New equity and diversity policy aims to close achievement gap

Oscar Cozza, Staff Writer

“If we look at schools over the past twenty years we’ll see that they have actually become more segregated,” said Stephanie Woldum, a math teacher who teaches classes that explore social justice. This inequity was the focus of the Minneapolis Public School’s new policy concerning equity and diversity.
The achievement gap has been a topic of discussion following the publication of the report “Equality of Educational Opportunity” in 1966. Since then studies have unmasked that Minnesota happens to be one of the worst states in terms of equal opportunities in schools.
According to the National Assessment of Educational Progress, black students have consistently scored twenty or more points lower than white students in reading over the past 20 years. And according to the 2013 ACT testing, 61% of white students demonstrated college readiness, compared to only 16% of black students and 29% of American Indians. This data currently gives us the 2nd largest achievement gap out of all fifty states.
Why does Minnesota have this problem? According to Myron Orfield, a professor at the University of Minnesota Law School, the answer lies in a long history of segregation and racism in Minnesota. “The good question to ask is, ‘Why haven’t blacks who live here locally been able to keep up with whites in the same way?’” he said in an interview by CBS. “I think that’s rooted a lot in the deep racial segregation we have between blacks and whites in the neighborhoods and school systems we have.”
“I think most of it [racism] happens because people think we live in a post racial society, and so racism goes largely unnoticed,” expanded senior Amirah Ellison, co-chair of s.t.a.r.t. (students as allies for racial trust).
Policy 1304 hopes to address this inequity.“We want to close the achievement gap-I call it the opportunity gap,” said James C. Burroughs II, the Director of Equity and Diversity within MPS. “The new [policy] strengthens what we already have in place. It addresses the achievement gap, and addresses racial equity. ”
The policy itself echos this viewpoint. One portion of it reads: “Minneapolis Public Schools is committed to identifying and correcting practices and policies that perpetuate the achievement gap and institutional racism in all forms in order to provide all of its students with the opportunity to succeed. … Academic and participation outcomes, not intentions, shall be the measure of whether we are successful. … All students are equally, while differently, gifted.”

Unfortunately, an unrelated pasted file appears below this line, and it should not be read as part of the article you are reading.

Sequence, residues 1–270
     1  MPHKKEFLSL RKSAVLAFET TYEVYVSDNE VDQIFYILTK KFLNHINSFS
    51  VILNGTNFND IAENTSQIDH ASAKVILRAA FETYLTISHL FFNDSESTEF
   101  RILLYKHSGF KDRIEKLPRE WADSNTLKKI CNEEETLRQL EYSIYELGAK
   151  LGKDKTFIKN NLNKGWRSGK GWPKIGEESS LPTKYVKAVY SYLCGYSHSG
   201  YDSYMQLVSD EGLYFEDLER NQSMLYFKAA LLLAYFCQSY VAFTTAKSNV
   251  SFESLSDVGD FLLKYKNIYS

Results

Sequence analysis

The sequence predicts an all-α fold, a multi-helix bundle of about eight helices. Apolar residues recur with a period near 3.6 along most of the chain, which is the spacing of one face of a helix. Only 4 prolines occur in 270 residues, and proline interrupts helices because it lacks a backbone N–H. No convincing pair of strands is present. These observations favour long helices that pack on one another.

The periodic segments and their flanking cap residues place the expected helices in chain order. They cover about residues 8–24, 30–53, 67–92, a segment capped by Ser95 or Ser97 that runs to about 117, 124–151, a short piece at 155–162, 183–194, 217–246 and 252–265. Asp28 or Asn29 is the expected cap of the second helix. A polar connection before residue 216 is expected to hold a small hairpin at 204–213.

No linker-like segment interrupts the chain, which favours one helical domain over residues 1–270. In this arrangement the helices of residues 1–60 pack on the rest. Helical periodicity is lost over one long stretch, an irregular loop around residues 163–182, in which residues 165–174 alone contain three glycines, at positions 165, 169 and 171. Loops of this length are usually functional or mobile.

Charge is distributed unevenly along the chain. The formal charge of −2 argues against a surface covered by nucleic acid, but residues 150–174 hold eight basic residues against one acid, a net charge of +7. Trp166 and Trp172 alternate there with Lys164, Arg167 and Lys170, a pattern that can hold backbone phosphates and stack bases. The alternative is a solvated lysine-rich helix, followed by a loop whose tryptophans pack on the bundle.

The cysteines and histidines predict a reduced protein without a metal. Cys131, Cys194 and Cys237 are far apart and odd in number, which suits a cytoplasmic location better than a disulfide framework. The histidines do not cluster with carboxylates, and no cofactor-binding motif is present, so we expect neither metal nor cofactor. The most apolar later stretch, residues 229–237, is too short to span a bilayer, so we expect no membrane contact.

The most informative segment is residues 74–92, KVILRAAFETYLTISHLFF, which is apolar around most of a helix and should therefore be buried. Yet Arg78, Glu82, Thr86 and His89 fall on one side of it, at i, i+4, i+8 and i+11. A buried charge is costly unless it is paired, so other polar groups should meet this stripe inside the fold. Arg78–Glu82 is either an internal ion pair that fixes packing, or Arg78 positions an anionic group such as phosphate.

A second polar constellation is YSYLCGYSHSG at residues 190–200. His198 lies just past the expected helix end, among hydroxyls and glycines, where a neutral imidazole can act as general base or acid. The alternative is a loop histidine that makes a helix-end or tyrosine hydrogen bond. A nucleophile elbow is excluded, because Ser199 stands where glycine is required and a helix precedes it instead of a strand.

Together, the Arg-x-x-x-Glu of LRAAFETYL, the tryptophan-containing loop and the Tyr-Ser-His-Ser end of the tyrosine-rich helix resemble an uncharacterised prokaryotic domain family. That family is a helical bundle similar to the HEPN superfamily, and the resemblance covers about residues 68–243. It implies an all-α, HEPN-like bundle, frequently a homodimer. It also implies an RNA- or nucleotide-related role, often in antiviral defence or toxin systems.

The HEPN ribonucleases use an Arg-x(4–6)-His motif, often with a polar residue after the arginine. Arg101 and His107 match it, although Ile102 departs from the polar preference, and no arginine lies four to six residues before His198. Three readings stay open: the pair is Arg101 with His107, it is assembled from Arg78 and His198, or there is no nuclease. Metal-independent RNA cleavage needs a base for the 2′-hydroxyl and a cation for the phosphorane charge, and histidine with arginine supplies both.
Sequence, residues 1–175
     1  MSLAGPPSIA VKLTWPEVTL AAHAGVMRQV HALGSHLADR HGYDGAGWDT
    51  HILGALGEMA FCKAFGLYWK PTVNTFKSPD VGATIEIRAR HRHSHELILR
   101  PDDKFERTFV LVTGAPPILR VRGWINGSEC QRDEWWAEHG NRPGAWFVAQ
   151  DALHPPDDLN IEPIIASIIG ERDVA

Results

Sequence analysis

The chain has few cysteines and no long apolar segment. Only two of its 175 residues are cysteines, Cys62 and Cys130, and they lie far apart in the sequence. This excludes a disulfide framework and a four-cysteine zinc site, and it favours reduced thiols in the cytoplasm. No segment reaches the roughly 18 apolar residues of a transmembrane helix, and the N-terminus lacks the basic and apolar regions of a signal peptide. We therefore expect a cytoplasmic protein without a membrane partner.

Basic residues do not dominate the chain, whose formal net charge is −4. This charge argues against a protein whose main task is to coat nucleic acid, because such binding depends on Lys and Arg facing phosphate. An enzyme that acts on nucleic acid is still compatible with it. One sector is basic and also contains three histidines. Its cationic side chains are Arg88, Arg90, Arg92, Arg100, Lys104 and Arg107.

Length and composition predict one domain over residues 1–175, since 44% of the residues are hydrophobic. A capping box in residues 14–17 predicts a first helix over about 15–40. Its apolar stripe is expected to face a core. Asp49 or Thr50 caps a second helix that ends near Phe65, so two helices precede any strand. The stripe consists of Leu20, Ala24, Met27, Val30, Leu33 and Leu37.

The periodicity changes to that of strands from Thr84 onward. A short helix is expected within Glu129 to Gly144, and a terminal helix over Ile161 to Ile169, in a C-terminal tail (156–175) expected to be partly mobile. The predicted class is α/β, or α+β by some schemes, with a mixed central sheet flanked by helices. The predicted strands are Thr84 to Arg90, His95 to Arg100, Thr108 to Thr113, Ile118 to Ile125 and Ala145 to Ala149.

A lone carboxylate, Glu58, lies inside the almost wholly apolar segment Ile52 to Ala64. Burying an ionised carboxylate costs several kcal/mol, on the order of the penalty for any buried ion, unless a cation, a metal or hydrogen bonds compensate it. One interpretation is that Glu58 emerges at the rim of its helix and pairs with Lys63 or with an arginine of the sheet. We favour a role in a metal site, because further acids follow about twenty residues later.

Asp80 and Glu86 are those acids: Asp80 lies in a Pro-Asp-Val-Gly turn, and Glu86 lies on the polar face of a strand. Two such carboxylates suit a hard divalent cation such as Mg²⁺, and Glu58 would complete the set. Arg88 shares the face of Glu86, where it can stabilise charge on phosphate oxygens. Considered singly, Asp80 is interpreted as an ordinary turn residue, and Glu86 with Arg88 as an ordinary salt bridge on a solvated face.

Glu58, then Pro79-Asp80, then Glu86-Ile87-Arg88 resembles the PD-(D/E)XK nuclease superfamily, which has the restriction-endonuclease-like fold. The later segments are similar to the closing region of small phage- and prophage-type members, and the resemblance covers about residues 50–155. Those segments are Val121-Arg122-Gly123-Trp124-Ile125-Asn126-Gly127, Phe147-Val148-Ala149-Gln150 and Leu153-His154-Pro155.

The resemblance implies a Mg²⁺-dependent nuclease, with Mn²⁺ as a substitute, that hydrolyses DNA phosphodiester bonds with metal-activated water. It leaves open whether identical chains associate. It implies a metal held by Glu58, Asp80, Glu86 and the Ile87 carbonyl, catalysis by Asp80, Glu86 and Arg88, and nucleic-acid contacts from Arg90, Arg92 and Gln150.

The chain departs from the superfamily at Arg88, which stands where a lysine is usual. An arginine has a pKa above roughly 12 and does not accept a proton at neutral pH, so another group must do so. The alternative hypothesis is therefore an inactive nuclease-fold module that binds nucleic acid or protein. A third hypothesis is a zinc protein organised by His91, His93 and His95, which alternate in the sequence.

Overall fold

MPS hopes that these new standards will help significantly reduce the achievement gap in Minnesota.
The process of writing the policy was started almost a year ago and included input from a variety of groups, including the Education Equity Organizing Collaborative. In a press release about the new policy Dr. Bernadeia Johnson, superintendent of MPS, said “This is the culmination of much careful study and hard work and I know that it will be a powerful tool in closing the opportunity gap and increasing achievement for all our students.”
“We really were engaged with the community,” explained Burroughs. “We got input and feedback from the community, we were talking to teachers, families. … We’re not just talking to the community, to the adults, we’re going to the students who are actually affected.”
“We also looked at other school districts that are similar in size to Minneapolis, and we looked at what they are doing,” added Burroughs. The policy seems to come almost as an answer to St. Paul School District’s new racial equity policy that was adopted in July and hailed as ‘groundbreaking’ (
“If you’re a person of color you have a much smaller chance of graduation than a white student,” said Ellison.
“It’s not going to be fixed overnight. … We need to start talking and collaborating with people [about these issues].” Policy 1304 aims to help begin to fight against the achievement gap and institutional racism. MPS promises to provide a safe, equal, and welcoming learning environment for all students regardless of race.
This new policy is working to help insure that this standard is always met. Regarding the next phase in the process, Burroughs stated “I think we need to do a good job communicating to staff, students, and families what the policy is about, and how it is going to make positive changes in the community.”